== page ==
• About the Pacific Alert Team: Purpose, Guiding Principles, and Training • About the Behavioral Intervention Team • Employee Manual of Emergency Procedures and Policy Guidelines • Building Team Leaders • Counseling Services for Students • Employee Assistance Program • Morris Chapel • Pacific Connect and Cisco Phone Notifications • Pacific Emergency Website

Have you signed up for PacificCONNECT? To register your contact information on PacificCONNECT, you will need to complete the following: 1. Go online at http://InsidePacific.Pacific.edu 2. Log in with your PacificNet ID and Password 3. Select the Administrative Tab 4. Scroll down to the PacificCONNECT Box. It is often down towards the bottom left side of the screen. 5. Select "Update your profile for Emergency Notifications." 6. Enter in the contact information you prefer for notification. 7. Press "Save"


Pacific Undergraduate Research and Creativity Conference (PURCC)

The 13th Annual Pacific Undergraduate Research and Creativity Conference (PURCC-2013) will be held Saturday, April 20. PURCC was started in 2001 as a way to highlight and celebrate the outstanding research being done by undergraduates at Pacific.

Abstracts are due by April 1. All students who have been involved in research/original creative activity this year (Summer 2012-Spring 2013) are encouraged to submit an abstract. Â

Access the on-line submission form HERE Â For further information, contact Dr. Lydia Fox, Director of Undergraduate Research (lkfox@pacific.edu, 946-2481)

Sponsored by


NutriCat’s Corner Along with adopting a healthier diet, more and more people are looking to reduce their sugar intake, both artificial and real. Aiming to reduce the amount of sugar in your diet is a great goal, as sugar contributes little, if any, nutrition to your diet and is high in calories. When you reduce your sugar intake, you may suffer from sugar withdrawal- also known as the Sweet Tooth Monster. To help deal with sugary cravings, here are 4 easy tips to help quiet the monster.

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Don’t skip meals: missing meals deprives your brain and body of fuel, making you crave sugary foods for quick energy. Instead, aim to eat before you run out of energy, every 4-5 hours for most people.

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Eat balanced meals: Your brain prefers to run on glucose, aka sugar. When you don’t give your body enough fuel, you feel tired and can confuse that as a craving for sweets. On the other hand, if you consume too many carbohydrates, especially refined products, you may still crave sweets. The solution? Consume more balanced meals of complex carbohydrates, colorful vegetables, a dash of healthy fat, and a small portion of protein. Complex carbohydrates include vegetables, fruits, whole grains like brown rice and quinoa.

Watch your salt intake: Imagine your taste buds as a pendulum. If we swing too much towards the salty side, we want to compensate with sweet foods. Most of us consume way, way too much salt: processed foods, seasonings, chips, lunch meat, bread & more are daily parts of our diet that often contain a high amount of sodium. Try reducing the amount of processed foods and high salt foods. It’s a diet win-win; you will reduce sodium intake and increase your intake of whole, nutrient dense foods instead. Dessert won’t satisfy your needs: No amount of cookie or cake will satisfy your emotional needs. Most of us turn to sweets to deal with feelings: angry, lonely, sad, bored, and stressed. When you find yourself craving that cookie, ask instead if that cookie will satisfy what you need. Are you hungry, or are you searching for a release? Find a non-food way to deal with emotions instead.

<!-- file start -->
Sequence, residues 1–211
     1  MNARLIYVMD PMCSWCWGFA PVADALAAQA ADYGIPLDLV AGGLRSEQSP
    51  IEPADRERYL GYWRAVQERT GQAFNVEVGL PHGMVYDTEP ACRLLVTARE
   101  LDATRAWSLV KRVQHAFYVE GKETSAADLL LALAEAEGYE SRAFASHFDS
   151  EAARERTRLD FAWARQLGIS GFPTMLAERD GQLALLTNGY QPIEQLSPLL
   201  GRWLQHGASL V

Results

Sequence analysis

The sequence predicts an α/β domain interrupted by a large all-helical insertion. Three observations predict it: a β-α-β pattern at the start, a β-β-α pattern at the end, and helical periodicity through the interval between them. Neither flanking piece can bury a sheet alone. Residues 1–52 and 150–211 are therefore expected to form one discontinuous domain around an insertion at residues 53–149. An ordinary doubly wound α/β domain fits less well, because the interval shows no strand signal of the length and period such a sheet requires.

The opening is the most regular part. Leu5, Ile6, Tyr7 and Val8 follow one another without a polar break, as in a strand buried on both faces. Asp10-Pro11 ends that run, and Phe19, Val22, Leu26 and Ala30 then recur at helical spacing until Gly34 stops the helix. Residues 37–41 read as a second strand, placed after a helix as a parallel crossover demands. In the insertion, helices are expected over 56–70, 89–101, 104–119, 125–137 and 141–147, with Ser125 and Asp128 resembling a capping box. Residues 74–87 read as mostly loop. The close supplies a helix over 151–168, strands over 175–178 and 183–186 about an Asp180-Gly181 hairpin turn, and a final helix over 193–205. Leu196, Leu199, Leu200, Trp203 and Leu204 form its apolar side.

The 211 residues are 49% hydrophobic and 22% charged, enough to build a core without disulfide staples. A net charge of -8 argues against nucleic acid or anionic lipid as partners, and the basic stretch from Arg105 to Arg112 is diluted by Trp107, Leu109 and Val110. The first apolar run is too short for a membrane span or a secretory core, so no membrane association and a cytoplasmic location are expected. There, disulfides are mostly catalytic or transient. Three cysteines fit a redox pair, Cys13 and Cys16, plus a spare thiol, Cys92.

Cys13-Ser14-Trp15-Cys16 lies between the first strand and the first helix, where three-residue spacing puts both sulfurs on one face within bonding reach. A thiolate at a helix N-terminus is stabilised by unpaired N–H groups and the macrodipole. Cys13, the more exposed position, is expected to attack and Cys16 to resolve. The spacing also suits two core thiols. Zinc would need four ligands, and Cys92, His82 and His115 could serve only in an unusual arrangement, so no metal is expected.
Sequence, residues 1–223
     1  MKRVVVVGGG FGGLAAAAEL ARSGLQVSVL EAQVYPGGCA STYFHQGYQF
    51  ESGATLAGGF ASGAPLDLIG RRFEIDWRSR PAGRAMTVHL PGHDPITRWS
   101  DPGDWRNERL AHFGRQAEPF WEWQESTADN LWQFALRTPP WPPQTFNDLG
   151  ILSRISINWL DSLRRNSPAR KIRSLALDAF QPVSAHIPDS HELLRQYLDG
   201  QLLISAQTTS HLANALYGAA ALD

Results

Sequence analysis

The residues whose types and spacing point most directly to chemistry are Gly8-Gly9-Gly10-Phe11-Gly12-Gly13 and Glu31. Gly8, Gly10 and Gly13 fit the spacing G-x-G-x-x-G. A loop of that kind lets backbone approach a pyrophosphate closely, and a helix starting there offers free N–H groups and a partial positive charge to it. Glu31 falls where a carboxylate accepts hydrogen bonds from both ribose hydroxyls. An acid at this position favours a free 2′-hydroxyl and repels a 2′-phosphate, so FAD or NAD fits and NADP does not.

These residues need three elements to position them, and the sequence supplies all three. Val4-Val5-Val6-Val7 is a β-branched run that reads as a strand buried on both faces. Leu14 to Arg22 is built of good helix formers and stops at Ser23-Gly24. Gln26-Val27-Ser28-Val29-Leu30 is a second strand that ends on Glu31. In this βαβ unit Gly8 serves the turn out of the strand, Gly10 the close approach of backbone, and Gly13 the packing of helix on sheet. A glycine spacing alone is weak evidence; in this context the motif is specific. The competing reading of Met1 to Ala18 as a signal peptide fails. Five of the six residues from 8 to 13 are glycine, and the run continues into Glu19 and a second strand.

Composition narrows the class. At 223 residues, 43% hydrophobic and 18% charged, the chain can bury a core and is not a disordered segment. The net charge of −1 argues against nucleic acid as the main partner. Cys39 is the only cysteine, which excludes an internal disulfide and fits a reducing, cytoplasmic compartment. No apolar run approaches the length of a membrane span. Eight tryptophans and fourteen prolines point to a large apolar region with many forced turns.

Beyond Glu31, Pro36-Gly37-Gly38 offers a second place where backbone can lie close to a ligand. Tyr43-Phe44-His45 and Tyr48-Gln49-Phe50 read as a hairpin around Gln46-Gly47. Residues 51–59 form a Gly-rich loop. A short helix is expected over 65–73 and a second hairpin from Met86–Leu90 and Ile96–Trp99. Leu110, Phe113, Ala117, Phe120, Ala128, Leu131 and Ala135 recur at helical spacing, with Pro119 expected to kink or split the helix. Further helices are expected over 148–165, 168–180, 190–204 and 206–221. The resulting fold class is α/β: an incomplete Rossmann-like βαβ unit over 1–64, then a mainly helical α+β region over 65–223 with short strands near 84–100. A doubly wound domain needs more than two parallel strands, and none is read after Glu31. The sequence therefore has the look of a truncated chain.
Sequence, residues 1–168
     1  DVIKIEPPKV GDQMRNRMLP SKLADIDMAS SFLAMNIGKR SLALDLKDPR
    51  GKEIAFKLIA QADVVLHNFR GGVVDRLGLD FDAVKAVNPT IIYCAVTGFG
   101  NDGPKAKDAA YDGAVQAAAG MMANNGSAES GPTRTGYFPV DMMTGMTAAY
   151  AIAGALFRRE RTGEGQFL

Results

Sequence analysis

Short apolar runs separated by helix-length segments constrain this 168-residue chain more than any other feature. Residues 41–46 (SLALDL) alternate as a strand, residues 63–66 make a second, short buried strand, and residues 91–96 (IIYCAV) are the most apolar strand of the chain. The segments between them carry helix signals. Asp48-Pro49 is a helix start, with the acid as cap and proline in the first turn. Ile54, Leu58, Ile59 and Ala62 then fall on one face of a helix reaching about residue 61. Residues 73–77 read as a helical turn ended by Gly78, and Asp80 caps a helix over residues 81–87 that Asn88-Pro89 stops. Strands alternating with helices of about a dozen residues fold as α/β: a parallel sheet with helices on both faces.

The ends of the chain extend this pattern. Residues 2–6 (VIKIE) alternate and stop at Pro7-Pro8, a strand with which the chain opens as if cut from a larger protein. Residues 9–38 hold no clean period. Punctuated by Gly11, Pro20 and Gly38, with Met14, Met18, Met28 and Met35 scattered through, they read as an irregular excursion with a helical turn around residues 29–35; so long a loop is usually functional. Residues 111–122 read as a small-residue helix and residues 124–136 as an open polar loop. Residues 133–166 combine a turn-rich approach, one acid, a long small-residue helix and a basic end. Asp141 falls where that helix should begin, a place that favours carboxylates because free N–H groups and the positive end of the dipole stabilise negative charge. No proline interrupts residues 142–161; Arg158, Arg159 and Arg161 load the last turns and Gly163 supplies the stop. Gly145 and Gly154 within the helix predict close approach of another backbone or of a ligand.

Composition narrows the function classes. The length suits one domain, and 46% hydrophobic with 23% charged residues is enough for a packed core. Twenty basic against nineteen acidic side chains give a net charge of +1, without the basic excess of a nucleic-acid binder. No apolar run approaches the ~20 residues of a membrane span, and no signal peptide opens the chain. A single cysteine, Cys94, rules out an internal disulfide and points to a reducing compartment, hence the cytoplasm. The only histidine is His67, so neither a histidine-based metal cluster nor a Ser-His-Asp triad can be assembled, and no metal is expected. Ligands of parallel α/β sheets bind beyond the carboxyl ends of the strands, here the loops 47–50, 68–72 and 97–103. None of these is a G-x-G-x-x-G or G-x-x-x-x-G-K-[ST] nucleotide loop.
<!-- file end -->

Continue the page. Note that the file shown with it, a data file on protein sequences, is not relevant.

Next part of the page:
If you want a more personalized strategy to meet your health goals, book an appointment with Alex Caspero, aka Nutricat, online via MyHealth@pacific (https://healthservices.pacific.edu) or by calling Pacific Health Services at 209.946.2315 option 1.

Friend NutiCat on Facebook for daily nutrition tips!


Managing Your Money Responsibly You work hard for the money! Learn how to manage it better with tips on financial wellness. Does your New Year’s resolution have to do with money management, budget or making better financial decisions? One recent study revealed that more people put healthy finances over a healthy body on their resolution list. For most of us, financial wellness is crucial to our overall level of wellness and plays a huge part in our happiness and health. Below are practical ways to help you focus on healthy finances. •

Don’t buy stuff you can’t afford. Easier said than done, right? Some expenses are unavoidable: medical expenses, books, tuition, and others. However, most of the things that bring us into the red are items we don’t have to have. Ask before you buy: Can I afford this?

Save More, Spend Less. Add up all of your necessary expenses: bills, food, gas, etc. Give yourself a little bit of play money and then figure out a way to save the rest. Most banks allow you to do automatic transfers to your savings account every month so you can put it away without having to think about it! Mint.com- a free resource that allows you to track expenses and create spending limits.

Check out this SNL skit on not buying things you can’t afford

Find a money buddy. Research shows we perform better with a fitness buddy and the same goes for a pal who can help you stay on the right financial track. Whether it’s your partner, roommate, sibling, or friend, acknowledging your goal to someone else can help you honor your goals.